A pretty “natural cause" this must be, surely, which causes the productive part of mankind to be dependant, after a life of unremitting toil, upon the unproductive part! I should like to know what this “natural cause” is, which causes a part of mankind to go “ harnessed to sand carts with bandages of hay round their legs” for stockings,

or to spend more than half their time, in a “heat.of ninety degrees, swallowing cottou fuz,” while the other part, who never produced any thing, who spend their whole lives in idleness and dissipation, are destroying as much, each by extravagance, as would maintain a thousand of these poor wretches. I should like to kuow what is the natural cause of this. Mr. Cobbett, surely, will not say that the cause is as natural as that which produces hail or rain. If be will why complain? The cause must be either patural, or unnatural. And if it be as natural as that which causes rain, Mr. Cobbett surely will not be so vain as to endeavour to change that cause, because he cannot want convincing, that, no endeavours of his would be of any use to change any thing which was established in the very nature of things. And if it be unnatural, it cannot be “absolutely necessary to the carrying on of the affairs of mankind.”

But why are the "greater part only just able to obtain a sufficiency of food and raiment?” Is the earth so barren, that with all the eudeavours of man, in the days of health and vigour, it will produce only just sufficient to keep him alive, and that he must starve when he is unable to Jabour ?, Or, which is nearly the same thing: is there a "redundant population ?” Redundant population in my teeth, I expect. Why, then, are a considerable portion of the “labouring class” to receive, in one shape or other, assistance from the “ richer classes ?” Richer classes! How came they to be richer? Do they labour harder and live barer than the poorer class ? Labour harder indeed! No, it is those who must either be relieved or starve, who are the labourers! Then, as the “labourers" can only just obtain a sufficiency of food and raiment, how came the rulers to be rich? Have they bad food and raiment dropped from the clouds ? If not, how did they come by sucb things? They must either have been produced by labour, or they must have come in some such a manner as dropping from the clouds. Come, I urge the point, how did they come by such things?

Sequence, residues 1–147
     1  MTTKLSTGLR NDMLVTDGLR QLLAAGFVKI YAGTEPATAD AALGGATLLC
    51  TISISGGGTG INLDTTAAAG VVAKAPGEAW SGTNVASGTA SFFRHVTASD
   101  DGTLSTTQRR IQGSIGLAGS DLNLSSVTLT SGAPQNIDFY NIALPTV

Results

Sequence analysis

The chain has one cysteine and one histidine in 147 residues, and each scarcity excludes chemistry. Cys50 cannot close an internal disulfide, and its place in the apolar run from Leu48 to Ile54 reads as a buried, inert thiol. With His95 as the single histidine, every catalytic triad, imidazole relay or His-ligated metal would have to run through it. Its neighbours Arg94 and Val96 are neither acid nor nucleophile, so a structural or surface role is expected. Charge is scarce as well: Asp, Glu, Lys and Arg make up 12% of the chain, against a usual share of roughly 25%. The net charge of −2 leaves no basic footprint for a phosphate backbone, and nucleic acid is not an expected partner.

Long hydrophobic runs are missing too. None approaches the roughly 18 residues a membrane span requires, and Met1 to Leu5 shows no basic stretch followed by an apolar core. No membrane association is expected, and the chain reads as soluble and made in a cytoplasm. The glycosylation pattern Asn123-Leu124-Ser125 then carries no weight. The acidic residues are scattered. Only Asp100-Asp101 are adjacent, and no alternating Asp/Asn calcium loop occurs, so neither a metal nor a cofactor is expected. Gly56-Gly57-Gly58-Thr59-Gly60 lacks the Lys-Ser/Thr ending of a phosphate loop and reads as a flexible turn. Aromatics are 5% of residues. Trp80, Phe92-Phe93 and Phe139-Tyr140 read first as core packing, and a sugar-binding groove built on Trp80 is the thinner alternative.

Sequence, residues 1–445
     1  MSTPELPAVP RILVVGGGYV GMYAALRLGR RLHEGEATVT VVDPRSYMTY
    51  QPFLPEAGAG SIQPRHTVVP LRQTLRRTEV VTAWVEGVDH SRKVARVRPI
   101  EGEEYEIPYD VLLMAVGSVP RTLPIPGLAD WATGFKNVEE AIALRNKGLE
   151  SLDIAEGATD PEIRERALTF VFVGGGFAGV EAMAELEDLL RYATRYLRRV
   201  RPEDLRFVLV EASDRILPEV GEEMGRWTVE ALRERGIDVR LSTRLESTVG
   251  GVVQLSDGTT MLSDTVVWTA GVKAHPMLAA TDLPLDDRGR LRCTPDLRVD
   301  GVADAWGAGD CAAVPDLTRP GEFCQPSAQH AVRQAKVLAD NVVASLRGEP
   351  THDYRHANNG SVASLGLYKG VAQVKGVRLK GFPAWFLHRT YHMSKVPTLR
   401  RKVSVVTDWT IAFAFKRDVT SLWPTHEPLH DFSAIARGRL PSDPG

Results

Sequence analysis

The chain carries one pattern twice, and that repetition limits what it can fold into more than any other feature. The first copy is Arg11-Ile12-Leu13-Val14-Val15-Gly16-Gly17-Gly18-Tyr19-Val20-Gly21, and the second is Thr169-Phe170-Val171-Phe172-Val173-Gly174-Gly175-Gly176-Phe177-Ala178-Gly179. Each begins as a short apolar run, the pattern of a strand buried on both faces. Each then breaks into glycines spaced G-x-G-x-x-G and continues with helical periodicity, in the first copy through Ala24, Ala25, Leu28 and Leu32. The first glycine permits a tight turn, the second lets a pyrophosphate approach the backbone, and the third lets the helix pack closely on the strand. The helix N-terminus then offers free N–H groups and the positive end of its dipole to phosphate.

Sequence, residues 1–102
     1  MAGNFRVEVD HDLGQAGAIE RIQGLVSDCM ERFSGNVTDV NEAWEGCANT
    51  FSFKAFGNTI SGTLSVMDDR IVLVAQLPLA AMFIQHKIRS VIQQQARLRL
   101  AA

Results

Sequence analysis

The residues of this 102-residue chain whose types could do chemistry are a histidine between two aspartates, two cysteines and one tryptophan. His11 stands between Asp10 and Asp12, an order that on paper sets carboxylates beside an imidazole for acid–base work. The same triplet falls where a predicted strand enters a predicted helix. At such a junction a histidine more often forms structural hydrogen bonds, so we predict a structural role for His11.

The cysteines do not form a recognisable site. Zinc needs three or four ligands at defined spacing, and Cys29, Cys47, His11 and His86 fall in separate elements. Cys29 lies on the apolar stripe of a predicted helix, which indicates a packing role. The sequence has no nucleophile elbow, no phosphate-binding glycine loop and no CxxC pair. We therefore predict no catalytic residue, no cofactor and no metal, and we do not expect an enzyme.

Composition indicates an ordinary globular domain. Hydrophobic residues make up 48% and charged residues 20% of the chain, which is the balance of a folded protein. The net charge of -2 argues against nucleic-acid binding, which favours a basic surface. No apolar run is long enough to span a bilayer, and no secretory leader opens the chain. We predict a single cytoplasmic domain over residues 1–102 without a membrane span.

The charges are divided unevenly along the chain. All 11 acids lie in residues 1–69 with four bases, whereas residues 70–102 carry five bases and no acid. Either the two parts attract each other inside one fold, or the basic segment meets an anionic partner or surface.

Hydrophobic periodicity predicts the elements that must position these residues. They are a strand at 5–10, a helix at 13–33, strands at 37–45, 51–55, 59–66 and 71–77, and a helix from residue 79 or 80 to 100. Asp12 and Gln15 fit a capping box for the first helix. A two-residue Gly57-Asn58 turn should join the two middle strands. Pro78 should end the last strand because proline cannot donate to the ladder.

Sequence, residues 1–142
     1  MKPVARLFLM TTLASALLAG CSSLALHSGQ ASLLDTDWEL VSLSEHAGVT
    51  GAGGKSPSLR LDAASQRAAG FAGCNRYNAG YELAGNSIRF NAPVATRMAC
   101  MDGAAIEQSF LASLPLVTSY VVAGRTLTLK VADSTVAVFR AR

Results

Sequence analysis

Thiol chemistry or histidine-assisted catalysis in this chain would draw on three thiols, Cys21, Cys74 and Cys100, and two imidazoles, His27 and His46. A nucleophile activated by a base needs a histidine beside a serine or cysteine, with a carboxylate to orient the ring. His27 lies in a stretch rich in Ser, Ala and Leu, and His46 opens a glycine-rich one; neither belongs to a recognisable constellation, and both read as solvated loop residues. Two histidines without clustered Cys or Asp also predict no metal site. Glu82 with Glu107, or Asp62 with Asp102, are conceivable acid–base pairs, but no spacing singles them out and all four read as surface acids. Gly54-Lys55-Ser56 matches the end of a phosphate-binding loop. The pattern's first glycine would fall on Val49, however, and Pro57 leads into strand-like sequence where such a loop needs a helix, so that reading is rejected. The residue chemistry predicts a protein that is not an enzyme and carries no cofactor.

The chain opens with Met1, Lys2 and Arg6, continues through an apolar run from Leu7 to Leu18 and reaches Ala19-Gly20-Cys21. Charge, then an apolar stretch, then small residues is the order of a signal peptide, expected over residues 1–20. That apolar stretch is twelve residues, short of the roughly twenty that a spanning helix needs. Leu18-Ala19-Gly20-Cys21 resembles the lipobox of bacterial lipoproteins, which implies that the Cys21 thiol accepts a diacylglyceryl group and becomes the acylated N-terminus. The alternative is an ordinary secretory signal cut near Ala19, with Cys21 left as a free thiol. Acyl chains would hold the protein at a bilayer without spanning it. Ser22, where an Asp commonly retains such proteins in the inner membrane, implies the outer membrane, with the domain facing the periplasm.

But, there seems, by wbat Mr. Cobbett says, to be a different kind of labour from that wbich is bodily. For he says: "bodily labour.” The other is a labouring with the head I suppose. I believe that is the manner by which riches have been acquired. Nay, it must be, because, Mr. Cobbett says, “the far greater part must be only just able to obtain food and raiment in the days of their health and vigour.” No imbecility, mind, but, “health and vigour;" therefore, the lesser part could not obtain riches by labour any more

than the greater part. So this other kind of labour, must have been head labour; a cajoling of their neighbours; for, witbout this cajoling, this head labour would never bave produced them riches. No, let their beads ferment as they will if their hands do nothing, they must starve, without they can trick the labourers out of the produce of their labour by these fermentings. Therefore, this other kind of labour must be a cajoling, a tricking, the labourers out of their labour, for an imaginary something, wbich they were to receive in its stead. And, the event bas proved, that it is a cajoling, by the labourers being sunk in poverty, while the idlers have acquired riches. Because, if the labourers bad received an equlivalent for their produce; they would still have maintained their equality But I need not say, that they bave not; as they are now to be assisted by the "richer classes,” w bo are living upon the produce of those very labourers, in return, call them paupers, and vagrants, and what is worst of all, the “ labourers” are now to be told by Mr. Cobbeit, that this state of things is absolutely necessary to the carrying on the affairs of mankind! Better that there were no such affairs to carry on. Surely, the “richer classes” will not say, that he has been bribed by the “ labouring class” to say this.